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THE SELF-TAUGHT GARDENER: The desegregated garden

I love maintaining seed strains and sharing them with others, but I also think there is room in the garden to allow for a mixed strain of poppies – red, pink, purple, white, gray and salmon – that celebrate the genetic diversity of their species.

In preparing for a trip to Turkey, I watched Chef Ottolenghi’s “Mediterranean Feast,” which takes us through the markets of Istanbul. The colorful array of vegetables from deep purple, green, and rose-marbled eggplants, peppers of every color imaginable, yellow and green courgettes, and displays of bold red and pink tomatoes, carefully segregated by type, had me hoping that not only would I get to eat the rainbow while away, as the USDA now recommends, but bring home some seeds of these wonderful varieties, especially some of the Middle Eastern flavorful squash varieties that a friend has shared with me over the years and that I have come to covet.

If I am able to bring back such seeds, I would want to save their seeds from year to year so that I could grow them in my garden for years to come. And as I headed out into my garden, I came to realize I was already doing that with another species native to Turkey – Papaver somniferum or the breadseed or opium poppy. Throughout my garden I have strewn the seeds of various cultivars of these poppies and have red, purple, pink and white colored flowers – some are double-petalled, others single with their centers open to the world and to the bees and butterflies who pollinate them.

A double-flowered form of poppy

But if I hope to save seeds of whatever I bring back from Istanbul, I will need to follow the same strategy that I have used with these poppies to keep the seed strains from crossing. I will need to segregate the varieties from one another by distance so as to protect the gene strain of each variety. Heirloom seed varieties are maintained by collecting seed of a variety of a flower that was pollinated by the same variety – a ‘Frosted Salmon’ poppy crossed by the flower of the same variety will maintain the characteristics of that variety – an orangey-pink variety whose color fades at the edge of the petals and whose full form has more petals than the straight species. This variety has some variation in it and that is part of its beauty.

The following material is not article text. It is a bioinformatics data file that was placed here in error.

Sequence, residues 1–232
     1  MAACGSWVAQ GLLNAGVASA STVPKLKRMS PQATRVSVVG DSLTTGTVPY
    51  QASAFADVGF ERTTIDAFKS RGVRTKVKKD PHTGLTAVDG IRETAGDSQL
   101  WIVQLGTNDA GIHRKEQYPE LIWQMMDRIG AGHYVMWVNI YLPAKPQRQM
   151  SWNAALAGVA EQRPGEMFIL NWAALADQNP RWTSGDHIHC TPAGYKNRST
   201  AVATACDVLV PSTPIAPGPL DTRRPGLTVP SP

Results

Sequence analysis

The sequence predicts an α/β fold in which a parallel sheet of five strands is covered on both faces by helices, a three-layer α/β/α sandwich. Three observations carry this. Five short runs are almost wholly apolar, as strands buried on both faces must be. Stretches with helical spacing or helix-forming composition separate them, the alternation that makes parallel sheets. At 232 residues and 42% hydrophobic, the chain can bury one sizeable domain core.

A dark pink flowered rogue shows up in the white poppy bed and is a likely product of cross-pollination.

I grow ‘Lauren’s Grape’ poppy about 50 feet away on the other side of the house, hoping that this will prevent cross-pollination between it and the white poppies in the back bed with the Alaskan cedar. For the most part, this technique seems to be working – most pollinators collect pollen from the same species (this is known as floral constancy) and move from flower to flower where they are, so if they are surrounded by the deep purple of this variety, they will stay in the area and cross like flower with like flower. Perhaps at the end of their collecting they may fly off to another area with pollen on their legs and cross a white double ‘Swansdown’ with ‘Lauren’s Grape’, but such cross-pollination should be minimal.

The deep purple flowers of ‘Lauren’s Grape’ capture the light and lead pollinators into the collection of pollen covered stamens at their center. Poppies tend to flower when day length is about 16 hours and the temperatures are above 70 degrees Fahrenheit.

And before I sound like a 19th century eugenicist “keeping the varieties pure,” let me say I enjoy the crossing of the varieties and the end results of that as well. A soft red poppy came up in the purple border – and while I could have rogued it—that is removed it from the mix to prevent it from contaminating the seed lot – I also could simply cover it with netting, preventing it from crossing with ‘Lauren’s Grape’ and collected its seed to plant elsewhere next season.

White ruffled forms are less likely to cross-pollinate as the ruffles conceal the stamens and promote self-fertilization.

I love maintaining these seed strains and sharing them with others, but I also think there is room in the garden (perhaps out back where there is more space) to allow for a mixed strain of poppies – red, pink, purple, white, gray and salmon – that celebrate the genetic diversity of their species. A rainbow collection of poppies will call to mind the colorful vegetables of the markets of Istanbul in their range and diversity of form. I may not just eat the rainbow, as recommended by the USDA, but cultivate it in my garden and in my life.

The seedheads of poppies are beautiful as well and will start to break open when the seeds are ripe. They can be collected and shared with friends who can spread them about in their garden in early spring to germinate as the weather warms.

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A gardener grows through observation, experimentation, and learning from the failures, triumphs, and hard work of oneself and others. In this sense, all gardeners are self-taught, while at the same time intrinsically connected to a tradition and a community that finds satisfaction through working the soil and sharing their experiences with one another. This column explores those relationships and how we learn about the world around us from plants and our fellow gardeners.

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